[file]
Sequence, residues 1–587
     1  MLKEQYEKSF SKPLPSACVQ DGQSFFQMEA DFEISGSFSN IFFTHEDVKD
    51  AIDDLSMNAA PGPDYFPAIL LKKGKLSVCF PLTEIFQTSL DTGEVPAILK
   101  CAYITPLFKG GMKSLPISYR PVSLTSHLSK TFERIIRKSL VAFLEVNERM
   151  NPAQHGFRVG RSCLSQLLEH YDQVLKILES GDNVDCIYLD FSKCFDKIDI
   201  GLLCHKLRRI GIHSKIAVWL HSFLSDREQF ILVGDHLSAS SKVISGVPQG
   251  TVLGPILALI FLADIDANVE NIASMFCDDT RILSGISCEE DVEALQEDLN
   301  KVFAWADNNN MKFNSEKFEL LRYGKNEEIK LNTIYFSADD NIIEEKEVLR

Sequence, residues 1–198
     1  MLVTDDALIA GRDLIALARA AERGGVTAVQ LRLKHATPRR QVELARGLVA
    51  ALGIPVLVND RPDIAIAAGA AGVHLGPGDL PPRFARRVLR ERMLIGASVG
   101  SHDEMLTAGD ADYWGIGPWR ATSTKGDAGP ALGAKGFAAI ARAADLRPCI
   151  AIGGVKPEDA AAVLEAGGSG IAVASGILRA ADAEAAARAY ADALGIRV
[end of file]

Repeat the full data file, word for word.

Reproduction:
Sequence, residues 1–587
     1  MLKEQYEKSF SKPLPSACVQ DGQSFFQMEA DFEISGSFSN IFFTHEDVKD
    51  AIDDLSMNAA PGPDYFPAIL LKKGKLSVCF PLTEIFQTSL DTGEVPAILK
   101  CAYITPLFKG GMKSLPISYR PVSLTSHLSK TFERIIRKSL VAFLEVNERM
   151  NPAQHGFRVG RSCLSQLLEH YDQVLKILES GDNVDCIYLD FSKCFDKIDI
   201  GLLCHKLRRI GIHSKIAVWL HSFLSDREQF ILVGDHLSAS SKVISGVPQG
   251  TVLGPILALI FLADIDANVE NIASMFCDDT RILSGISCEE DVEALQEDLN
   301  KVFAWADNNN MKFNSEKFEL LRYGKNEEIK LNTIYFSADD NIIEEKEVLR

Sequence, residues 1–198
     1  MLVTDDALIA GRDLIALARA AERGGVTAVQ LRLKHATPRR QVELARGLVA
    51  ALGIPVLVND RPDIAIAAGA AGVHLGPGDL PPRFARRVLR ERMLIGASVG
   101  SHDEMLTAGD ADYWGIGPWR ATSTKGDAGP ALGAKGFAAI ARAADLRPCI
   151  AIGGVKPEDA AAVLEAGGSG IAVASGILRA ADAEAAARAY ADALGIRV